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How to find out if you're affected by the Equifax hack

13 September 2017

It gets its data - without you even knowing - from credit card companies, banks, retailers, and lenders. There are a lot of services like Lifelock or Identity Guard that will do that work for you. Equifax now says that's not the case anymore. President and CEO of itSynergy, Michael Cocanower, says the long term benefit far outweighs being able to take part in a potential class action lawsuit. But you can opt out of that provision if you notify the company in writing within 30 days. Using the "freeze" option does not protect your personal information but will protect your credit if someone tries to access it. You can request a copy of your credit report online at www.annualcreditreport.com. He says it's a good idea to freeze your credit immediately. There are several different ways of calculating and reporting credit scores, but each of the three bureaus has the same goal of providing an accurate reflection of a borrower's credit history. If you believe you've been a victim of identity theft, you should also contact law enforcement. Is there another story you'd like us to VERIFY?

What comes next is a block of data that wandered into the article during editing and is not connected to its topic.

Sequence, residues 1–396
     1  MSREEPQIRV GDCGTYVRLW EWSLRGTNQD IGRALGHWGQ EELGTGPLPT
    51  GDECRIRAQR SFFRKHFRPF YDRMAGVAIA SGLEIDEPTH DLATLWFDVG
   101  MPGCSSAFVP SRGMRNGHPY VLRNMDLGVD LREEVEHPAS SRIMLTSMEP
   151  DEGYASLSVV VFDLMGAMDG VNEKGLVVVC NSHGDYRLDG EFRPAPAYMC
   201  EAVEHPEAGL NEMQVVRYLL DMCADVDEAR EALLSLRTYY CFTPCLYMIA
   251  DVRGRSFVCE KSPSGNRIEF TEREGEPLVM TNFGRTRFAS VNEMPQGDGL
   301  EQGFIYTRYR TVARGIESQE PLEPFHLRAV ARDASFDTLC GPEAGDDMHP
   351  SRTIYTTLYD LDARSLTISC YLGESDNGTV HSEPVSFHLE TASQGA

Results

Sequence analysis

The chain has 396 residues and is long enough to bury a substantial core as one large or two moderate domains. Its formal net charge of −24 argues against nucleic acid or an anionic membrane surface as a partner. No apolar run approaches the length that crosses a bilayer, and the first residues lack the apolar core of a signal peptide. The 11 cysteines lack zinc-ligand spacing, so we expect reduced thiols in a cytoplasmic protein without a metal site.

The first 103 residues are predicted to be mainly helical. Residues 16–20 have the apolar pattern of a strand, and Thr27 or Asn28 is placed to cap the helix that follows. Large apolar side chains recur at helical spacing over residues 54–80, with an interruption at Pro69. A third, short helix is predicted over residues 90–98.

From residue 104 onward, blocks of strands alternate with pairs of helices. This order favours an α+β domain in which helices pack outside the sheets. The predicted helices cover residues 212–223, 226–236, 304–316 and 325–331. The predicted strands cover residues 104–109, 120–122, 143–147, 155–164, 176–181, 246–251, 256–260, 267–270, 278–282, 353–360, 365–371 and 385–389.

Once a month itSynergy has a 15-minute, free webinar so you can learn about the latest trends and how to protect yourself. Some lenders report information to all three bureaus, while others report to just one or two. Start with putting a freeze on your credit.

"Regardless of whether you're affected or not, I recommend freezing your credit report". If someone else goes to take out a loan in your name, the lender will not be able to pull your report and therefore can not extend the credit. Fees to freeze your account vary by state, but commonly range from $5 to $10.

"I am extremely concerned about the Equifax data breach that exposed almost 5 million North Carolinians' personal data", said Attorney General Josh Stein.

The Federal Trade Commission's website, www.ftc.gov/idtheft, also offers information about how to protect yourself against fraud.

As the magnitude of the Equifax hack sinks in, more people are realizing they've been victimized and cyber security specialists are being inundated with calls and questions about what to do next.

How to find out if you're affected by the Equifax hack